The governor apparently had a short-list of four, which is now down to two – a state senator and a county commissioner, both of whom are from the Tampa area.

If they also decline, I’d just note that Florida has a 7% unemployment rate, so presumably the Republican governor will find someone who’s available and willing to stand alongside Rick Scott for the next five years.

 

By: Steve Benen, The Maddow Blog, November 27, 2013

November 30, 2013 Posted by | GOP, Rick Scott | , , , , | Leave a comment

“Setting The Bar For Sleazoid Antics”: Florida Legislature Approves Ethics Reform — No Joke!

Promise not to laugh?

An ethics bill was passed last week in Tallahassee.

It’s no joke. The Florida Legislature unanimously approved a law designed to clean up its own sketchy act, and that of elected officials all over the state.

Gov. Rick Scott says he’s “reviewing” the bill. To veto it would be an act of profound cluelessness, but remember who we’re talking about.

The ethics legislation is significant because the concept of enforcing ethical behavior is so foreign to Florida politics. Decades of well-publicized misdeeds and flagrant conflicts of interest have failed to make a moral dent.

A few years ago, lawmakers went through the motions of establishing something called a Commission on Ethics. Most Floridians were unaware of its existence, for good reason. It was a total sham.

The panel could place monetary fines on elected officials for ethical violations, but it wasn’t empowered to collect those fines, which on paper have surpassed $1 million over the last 10 years. Nobody had to pay, so nobody took the commission seriously.

This year things changed. Senate president Don Gaetz announced that ethics reform was a top priority. His bill flew through the Senate on the very first day of the Legislative session.

The House sent it back, after some tweaking by Speaker Will Weatherford, and the new version was adopted without a dissenting vote by the full Legislature.

If Scott signs the bill into law, the Commission on Ethics will actually be able to collect the fines it imposes on wayward officeholders — even garnish their wages, if necessary.

Among other provisions, lawmakers would be banned from voting on any bills that might enhance their own personal finances. While in office, they wouldn’t be allowed to accept any government job. Once out of office, they’d be prohibited from lobbying state agencies for two years.

Such restrictions seem rather basic, even tame, until you consider that we’re basically starting from scratch. In Florida, the bar for sleazoid antics has been set very high.

The impetus for reform isn’t mysterious. As Republicans, Gaetz and Weatherford have seen their party stained by scandals.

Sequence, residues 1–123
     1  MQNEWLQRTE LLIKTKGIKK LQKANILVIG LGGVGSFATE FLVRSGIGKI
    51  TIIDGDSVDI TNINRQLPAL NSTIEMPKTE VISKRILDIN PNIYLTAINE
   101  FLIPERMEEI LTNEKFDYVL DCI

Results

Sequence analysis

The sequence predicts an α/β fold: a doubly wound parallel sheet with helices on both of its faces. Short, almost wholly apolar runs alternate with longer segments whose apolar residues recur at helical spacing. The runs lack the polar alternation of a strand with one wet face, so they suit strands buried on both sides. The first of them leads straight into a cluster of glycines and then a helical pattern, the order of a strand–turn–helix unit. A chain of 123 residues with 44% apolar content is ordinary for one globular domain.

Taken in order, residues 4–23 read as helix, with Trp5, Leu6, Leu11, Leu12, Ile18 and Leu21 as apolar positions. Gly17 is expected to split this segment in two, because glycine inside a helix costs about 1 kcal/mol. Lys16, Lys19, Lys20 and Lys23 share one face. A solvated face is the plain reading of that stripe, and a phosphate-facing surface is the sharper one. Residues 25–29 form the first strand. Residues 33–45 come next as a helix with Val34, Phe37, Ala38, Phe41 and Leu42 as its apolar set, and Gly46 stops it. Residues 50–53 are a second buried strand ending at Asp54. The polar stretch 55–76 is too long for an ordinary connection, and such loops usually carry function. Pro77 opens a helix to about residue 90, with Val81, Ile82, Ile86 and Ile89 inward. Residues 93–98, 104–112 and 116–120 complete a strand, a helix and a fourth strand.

Gaetz is from Okaloosa County, home to former House Speaker Ray Sansom. In 2010 Sansom resigned from the Legislature because of ethics complaints and an ongoing corruption probe.

Just two months ago, former GOP chairman Jim Greer pleaded guilty to five felonies, including grand theft and money laundering, in a case involving extravagant misuse of campaign funds and the party’s American Express cards.

Greer’s plea avoided an embarrassing trial that would have sent top Republican politicians to the witness stand. Having dodged that bullet, party leaders then had to watch their lieutenant governor, Jennifer Carroll, abruptly resign after being linked to an Internet gambling cafe operation.

That company, Allied Veterans of the World, allegedly pocketed millions of dollars in charity funds that were supposed to be earmarked to help military veterans. It also donated gobs of money to the election campaigns of many Florida legislators, Republicans and Democrats.

Such headlines tend to produce a climate of fresh ethical awareness.

An interesting component of the new bill is the two-year ban on lobbying after leaving office. Traditionally, politicians who don’t want regular jobs become lobbyists when they return to private life.

House Speaker Weatherford’s predecessor, Dean Cannon, incorporated his own lobby firm a month before exiting the Legislature, and he hit the ground running. All perfectly legal, at the time.

Lots of other ex-House speakers and retired Senate bigshots are also lobbyists, schmoozing former colleagues on behalf of high-paying corporate and municipal clients. This revolving door ratifies the average voter’s cynical view of state government as a game fixed by insiders.

Although two years isn’t very long to wait between serving in public office and privately cashing in, any wait is better than what we’ve got now.

Ethics reform will be only as good as its enforcement, and history tells us not to have high hopes. This legislation is not without wiggle room and loopholes, including a provision for blind trusts that would allow officeholders to conceal the details of their wealth.

However, the bill at least puts some strong words on paper, and opens a pathway for prosecutors.

To help clarify the details and reduce the chances for future indictment, every elected official would be required to take annual ethics training.

You’re laughing again, right?

Sure, there’s something absurd about having to train a politician to be ethical. But, hey, if they can teach a cat to play the piano….

 

By: Carl Hiaason, The National Memo, April 30, 2013

May 1, 2013 Posted by | Politics | , , , , , , , , | Leave a comment